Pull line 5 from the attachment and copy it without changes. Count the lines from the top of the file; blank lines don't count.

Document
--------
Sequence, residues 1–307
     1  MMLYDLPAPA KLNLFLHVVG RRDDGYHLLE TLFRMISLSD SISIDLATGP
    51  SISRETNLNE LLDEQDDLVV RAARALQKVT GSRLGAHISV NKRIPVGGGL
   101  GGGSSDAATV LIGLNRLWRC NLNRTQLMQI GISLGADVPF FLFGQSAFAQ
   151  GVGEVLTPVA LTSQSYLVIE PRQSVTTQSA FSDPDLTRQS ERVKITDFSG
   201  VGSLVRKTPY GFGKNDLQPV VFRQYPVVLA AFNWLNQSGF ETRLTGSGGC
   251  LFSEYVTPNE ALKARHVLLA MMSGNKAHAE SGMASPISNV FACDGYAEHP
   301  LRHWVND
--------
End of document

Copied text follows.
   151  GVGEVLTPVA LTSQSYLVIE PRQSVTTQSA FSDPDLTRQS ERVKITDFSG